After providing for the maintenance of the ecclesiastical and lay dignitaries of this court, an act of parliament was passed on the 17th May, 1532, in the following terms: “ Item, anent the second article concerning the ordour of justice, because our soverane is maist desyrous to have ane permanent ordour of justice, for the universale wele of all his lieges, and therefoir tends to institute ane college of cunning and wise men, baith of spiritual and temporal estate, for the doing and administracioun of justice in all civil actions, and therfoir thinks to be chosin certane persones maist convenient and qualifiet therfor, to the nowner of thirteen persones, half spiritual, half temporal, with ane president: The whilk persones sall be auctorizat in this present parliament to sytt and decyde upon all ac
* Blackstone's Commentaries on the laws of England, Professor Christian's edition, with his Notes, 1830—Statutes at large-Law Magazine, Tomlin's and Jacob's Law Dictionaries --Jeremy Bentham's Rationale of Judicial Evidence Cabinet Lawyer-Dalton's Office of Sheriils—Dawson on the Origin of Laws,Burns' Ecclesiastical Law.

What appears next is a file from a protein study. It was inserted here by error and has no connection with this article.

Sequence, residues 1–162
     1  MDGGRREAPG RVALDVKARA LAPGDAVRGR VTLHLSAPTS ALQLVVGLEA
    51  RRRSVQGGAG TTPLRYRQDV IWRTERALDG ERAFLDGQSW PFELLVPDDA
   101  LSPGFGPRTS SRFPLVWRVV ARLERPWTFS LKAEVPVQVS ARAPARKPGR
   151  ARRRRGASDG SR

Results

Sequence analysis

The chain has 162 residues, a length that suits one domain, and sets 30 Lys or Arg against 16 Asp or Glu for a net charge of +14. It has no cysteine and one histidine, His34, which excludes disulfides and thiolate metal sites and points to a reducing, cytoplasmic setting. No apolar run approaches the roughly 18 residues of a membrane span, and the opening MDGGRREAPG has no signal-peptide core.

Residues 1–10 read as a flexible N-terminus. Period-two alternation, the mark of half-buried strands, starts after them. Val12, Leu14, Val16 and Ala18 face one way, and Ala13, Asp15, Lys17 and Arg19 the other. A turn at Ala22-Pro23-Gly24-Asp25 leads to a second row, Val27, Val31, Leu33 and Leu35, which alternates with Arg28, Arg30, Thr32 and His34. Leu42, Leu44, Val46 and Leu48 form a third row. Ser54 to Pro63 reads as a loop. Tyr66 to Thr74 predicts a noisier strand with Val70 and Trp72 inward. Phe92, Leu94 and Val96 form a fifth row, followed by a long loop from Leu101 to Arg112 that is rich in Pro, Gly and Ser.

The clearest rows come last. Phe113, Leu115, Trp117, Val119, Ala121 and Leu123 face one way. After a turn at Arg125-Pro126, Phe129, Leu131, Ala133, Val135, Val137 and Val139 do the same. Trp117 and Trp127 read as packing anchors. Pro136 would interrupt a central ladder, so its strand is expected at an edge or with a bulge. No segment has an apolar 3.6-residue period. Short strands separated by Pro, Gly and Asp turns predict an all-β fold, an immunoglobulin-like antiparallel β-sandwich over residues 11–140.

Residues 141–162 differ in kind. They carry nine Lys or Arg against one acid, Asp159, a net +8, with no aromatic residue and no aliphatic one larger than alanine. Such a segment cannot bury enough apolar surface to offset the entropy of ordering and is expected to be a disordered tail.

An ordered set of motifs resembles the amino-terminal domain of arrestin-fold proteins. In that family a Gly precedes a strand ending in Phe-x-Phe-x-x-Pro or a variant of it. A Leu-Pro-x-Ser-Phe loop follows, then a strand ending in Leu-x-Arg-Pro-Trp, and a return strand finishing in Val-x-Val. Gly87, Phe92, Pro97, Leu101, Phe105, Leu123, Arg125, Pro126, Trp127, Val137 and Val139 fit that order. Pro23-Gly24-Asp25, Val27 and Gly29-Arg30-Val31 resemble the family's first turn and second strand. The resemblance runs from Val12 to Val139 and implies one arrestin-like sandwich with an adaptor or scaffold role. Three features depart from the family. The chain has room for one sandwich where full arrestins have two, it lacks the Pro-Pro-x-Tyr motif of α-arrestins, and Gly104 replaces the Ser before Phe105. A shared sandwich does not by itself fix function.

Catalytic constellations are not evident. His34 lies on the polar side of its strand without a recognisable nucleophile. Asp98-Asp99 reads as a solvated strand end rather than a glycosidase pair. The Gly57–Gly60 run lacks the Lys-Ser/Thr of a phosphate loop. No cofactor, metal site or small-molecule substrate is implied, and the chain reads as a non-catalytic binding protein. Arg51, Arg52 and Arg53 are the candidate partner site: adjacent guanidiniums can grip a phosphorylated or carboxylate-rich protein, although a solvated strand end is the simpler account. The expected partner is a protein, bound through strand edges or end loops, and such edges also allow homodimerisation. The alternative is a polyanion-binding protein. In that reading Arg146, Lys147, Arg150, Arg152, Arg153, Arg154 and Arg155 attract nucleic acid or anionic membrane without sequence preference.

tiouns civile, and nane uthers to have voit with thaim, on to the tyme that the said college may be institute at mare laisare : and thir persouns to be sworn to minister justice equally to all persouns in sic causis as sall happen to com befor them, with sic uthir rewlis and statuts as sall pleise the king's grace to mak and geif to them for ordouring of the samin. The three estatis of this present parliament thinks this artikle well consavit. And therfor the king's grace, with avise and consent of the said three estatis, ordainis the samin to have effect in all points, and now ratifyes and confirmis the samin; and has chosen thir persouns underwritten to the effect forsaid, quhais processes, sentences, and decretis sall have the samin strength, force, and effect as the decretis of the lordis of sessioun had in all tyme bygane : Providing alwayis that my lord chancellor being present in this town or uthir place, he sall have voit and be principale of the said counsell, and sic uthir lordis as sall pleise the king's grace to enjoin to thaim of his gret counsell, to have voit siclik to the nomer of three or four.”